Research Fellows Directory
Dr Cecile Gubry-Rangin
University of Aberdeen
Many of the important processes essential for life on earth and for the sustainability of our planet are performed by microbes (the Bacteria and Archaea) and are underpinned by the huge functional diversity of microbes in natural environments. This diversity has arisen through many millions of years of adaptation to environmental change. Despite the crucial importance of microbial diversity, our inability to cultivate most microbes has severely limited our understanding of the ways in which they adapt to perform new functions or maintain their metabolic activities. Recent revolutionary technological innovations potentially remove this limitation and allow us to study adaptation of microbes. The first innovation is the ability to sequence genomes of microscopic single cells extracted from the environment, allowing identification of genetic changes involved in adaptation without the need for cultivation. The second is the use of this genetic information to improve our ability to cultivate microbes, enabling physiological studies to study environmental adaptation mechanisms. This proposal aims to use these revolutionary advances to answer key questions about the mechanisms that generate this vast microbial functional diversity in nature, one of the greatest and most exciting challenges in biology.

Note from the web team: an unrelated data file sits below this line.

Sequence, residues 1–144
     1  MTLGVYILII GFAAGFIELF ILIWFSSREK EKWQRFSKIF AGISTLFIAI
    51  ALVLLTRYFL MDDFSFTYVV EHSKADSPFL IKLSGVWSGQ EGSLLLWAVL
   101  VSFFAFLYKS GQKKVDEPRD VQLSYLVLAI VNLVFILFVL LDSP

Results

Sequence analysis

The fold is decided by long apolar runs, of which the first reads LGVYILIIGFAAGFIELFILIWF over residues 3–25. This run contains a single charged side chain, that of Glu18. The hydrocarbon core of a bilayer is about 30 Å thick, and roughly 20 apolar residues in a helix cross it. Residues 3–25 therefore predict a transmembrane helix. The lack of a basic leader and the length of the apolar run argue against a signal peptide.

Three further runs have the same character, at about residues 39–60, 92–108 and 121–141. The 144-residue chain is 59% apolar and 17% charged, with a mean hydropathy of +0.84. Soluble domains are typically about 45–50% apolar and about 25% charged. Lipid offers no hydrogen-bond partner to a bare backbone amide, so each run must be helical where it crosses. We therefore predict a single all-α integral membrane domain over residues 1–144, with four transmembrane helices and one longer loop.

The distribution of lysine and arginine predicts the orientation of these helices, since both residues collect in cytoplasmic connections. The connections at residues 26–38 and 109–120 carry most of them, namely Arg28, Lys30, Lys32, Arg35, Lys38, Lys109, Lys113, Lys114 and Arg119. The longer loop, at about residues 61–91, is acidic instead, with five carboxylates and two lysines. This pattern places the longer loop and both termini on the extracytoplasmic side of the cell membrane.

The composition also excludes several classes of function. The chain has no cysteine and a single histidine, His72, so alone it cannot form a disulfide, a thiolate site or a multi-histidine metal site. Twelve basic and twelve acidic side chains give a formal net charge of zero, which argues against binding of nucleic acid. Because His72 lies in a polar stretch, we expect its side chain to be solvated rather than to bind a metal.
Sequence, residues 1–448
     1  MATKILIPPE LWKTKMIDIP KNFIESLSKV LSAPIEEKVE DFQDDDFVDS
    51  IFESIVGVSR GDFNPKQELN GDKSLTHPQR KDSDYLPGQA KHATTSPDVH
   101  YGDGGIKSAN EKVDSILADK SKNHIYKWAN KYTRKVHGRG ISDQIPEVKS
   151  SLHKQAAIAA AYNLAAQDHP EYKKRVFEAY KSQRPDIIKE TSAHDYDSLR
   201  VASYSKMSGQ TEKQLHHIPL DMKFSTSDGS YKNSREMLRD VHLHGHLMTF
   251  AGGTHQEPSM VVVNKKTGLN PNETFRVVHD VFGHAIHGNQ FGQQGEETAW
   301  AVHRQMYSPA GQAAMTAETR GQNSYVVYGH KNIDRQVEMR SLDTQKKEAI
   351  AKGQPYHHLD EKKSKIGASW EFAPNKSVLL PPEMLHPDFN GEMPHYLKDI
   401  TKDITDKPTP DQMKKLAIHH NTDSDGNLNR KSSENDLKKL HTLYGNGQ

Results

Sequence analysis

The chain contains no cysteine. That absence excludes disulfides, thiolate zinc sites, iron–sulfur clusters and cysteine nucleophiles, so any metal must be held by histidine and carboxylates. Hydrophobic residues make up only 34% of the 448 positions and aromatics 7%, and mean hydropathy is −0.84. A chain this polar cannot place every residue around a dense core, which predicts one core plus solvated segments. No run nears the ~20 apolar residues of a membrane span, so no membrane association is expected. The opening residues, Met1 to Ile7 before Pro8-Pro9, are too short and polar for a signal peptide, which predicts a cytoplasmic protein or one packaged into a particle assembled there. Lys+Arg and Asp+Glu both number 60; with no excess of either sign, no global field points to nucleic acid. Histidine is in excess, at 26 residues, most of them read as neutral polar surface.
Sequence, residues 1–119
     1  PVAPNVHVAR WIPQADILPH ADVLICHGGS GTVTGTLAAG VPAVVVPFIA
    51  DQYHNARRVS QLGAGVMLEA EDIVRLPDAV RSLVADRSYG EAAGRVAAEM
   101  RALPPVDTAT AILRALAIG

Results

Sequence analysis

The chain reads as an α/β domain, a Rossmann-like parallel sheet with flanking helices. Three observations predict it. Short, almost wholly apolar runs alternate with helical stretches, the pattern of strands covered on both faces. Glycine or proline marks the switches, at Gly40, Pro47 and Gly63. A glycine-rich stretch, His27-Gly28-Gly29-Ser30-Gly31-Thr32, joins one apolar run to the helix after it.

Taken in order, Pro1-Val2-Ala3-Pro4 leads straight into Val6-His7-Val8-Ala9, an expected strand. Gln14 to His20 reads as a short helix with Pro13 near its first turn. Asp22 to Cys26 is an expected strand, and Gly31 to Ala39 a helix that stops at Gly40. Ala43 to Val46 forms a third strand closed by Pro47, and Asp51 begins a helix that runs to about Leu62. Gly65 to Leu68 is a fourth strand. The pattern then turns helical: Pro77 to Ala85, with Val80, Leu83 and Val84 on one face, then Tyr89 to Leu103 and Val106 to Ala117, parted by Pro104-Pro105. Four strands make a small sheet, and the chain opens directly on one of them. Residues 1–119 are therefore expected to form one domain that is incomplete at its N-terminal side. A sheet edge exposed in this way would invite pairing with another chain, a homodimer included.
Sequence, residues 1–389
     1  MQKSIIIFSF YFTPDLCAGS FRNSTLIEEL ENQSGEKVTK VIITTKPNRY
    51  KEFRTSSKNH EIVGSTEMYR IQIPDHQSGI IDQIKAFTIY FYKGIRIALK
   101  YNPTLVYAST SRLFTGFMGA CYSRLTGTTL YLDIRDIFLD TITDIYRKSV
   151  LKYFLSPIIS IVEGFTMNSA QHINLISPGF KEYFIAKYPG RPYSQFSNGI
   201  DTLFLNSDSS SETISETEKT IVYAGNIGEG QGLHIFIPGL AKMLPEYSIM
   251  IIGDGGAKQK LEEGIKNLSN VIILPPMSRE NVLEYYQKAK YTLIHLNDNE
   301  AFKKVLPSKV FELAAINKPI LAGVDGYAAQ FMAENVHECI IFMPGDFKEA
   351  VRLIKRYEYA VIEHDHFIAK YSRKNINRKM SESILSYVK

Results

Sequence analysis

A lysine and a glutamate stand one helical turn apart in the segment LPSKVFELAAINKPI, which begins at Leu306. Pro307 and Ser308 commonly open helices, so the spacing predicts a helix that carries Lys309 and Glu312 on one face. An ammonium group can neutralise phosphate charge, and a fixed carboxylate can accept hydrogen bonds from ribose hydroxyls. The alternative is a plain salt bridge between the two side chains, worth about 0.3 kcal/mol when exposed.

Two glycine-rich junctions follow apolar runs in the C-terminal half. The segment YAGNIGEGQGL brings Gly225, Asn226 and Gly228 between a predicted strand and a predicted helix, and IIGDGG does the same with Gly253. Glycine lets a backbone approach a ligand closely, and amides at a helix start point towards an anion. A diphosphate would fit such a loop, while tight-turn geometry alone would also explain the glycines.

My work focus on a microbial group, the Thaumarchaeota, which are very diverse and abundant and have enormous environmental and economic impacts because of their role in oxidising ammonia fertilisers (resulting in greenhouse gas production and annual nitrogen fertiliser losses of >$70 billion). To alleviate their enormous lack of cultures and genomic data, my project will use cutting-edge technologies to understand the ecological and evolutionary adaptation of these microbes and their contributions to global ecosystem functioning processes.
Interests and expertise (Subject groups)